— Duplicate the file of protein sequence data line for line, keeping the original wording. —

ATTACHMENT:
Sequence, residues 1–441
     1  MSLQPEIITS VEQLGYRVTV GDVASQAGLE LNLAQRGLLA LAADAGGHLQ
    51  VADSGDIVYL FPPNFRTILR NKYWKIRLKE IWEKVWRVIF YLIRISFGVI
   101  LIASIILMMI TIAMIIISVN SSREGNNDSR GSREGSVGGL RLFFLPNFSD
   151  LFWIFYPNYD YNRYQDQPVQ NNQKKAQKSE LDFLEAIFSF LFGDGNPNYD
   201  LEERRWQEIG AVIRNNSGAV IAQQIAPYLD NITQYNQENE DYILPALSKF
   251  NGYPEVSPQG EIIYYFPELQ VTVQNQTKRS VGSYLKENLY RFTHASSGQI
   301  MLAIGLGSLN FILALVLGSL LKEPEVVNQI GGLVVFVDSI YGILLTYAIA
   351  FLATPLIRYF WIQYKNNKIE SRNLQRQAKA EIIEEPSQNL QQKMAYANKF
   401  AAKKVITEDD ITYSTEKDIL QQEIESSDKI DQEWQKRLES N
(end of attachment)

Sequence, residues 1–441
     1  MSLQPEIITS VEQLGYRVTV GDVASQAGLE LNLAQRGLLA LAADAGGHLQ
    51  VADSGDIVYL FPPNFRTILR NKYWKIRLKE IWEKVWRVIF YLIRISFGVI
   101  LIASIILMMI TIAMIIISVN SSREGNNDSR GSREGSVGGL RLFFLPNFSD
   151  LFWIFYPNYD YNRYQDQPVQ NNQKKAQKSE LDFLEAIFSF LFGDGNPNYD
   201  LEERRWQEIG AVIRNNSGAV IAQQIAPYLD NITQYNQENE DYILPALSKF
   251  NGYPEVSPQG EIIYYFPELQ VTVQNQTKRS VGSYLKENLY RFTHASSGQI
   301  MLAIGLGSLN FILALVLGSL LKEPEVVNQI GGLVVFVDSI YGILLTYAIA
   351  FLATPLIRYF WIQYKNNKIE SRNLQRQAKA EIIEEPSQNL QQKMAYANKF
   401  AAKKVITEDD ITYSTEKDIL QQEIESSDKI DQEWQKRLES N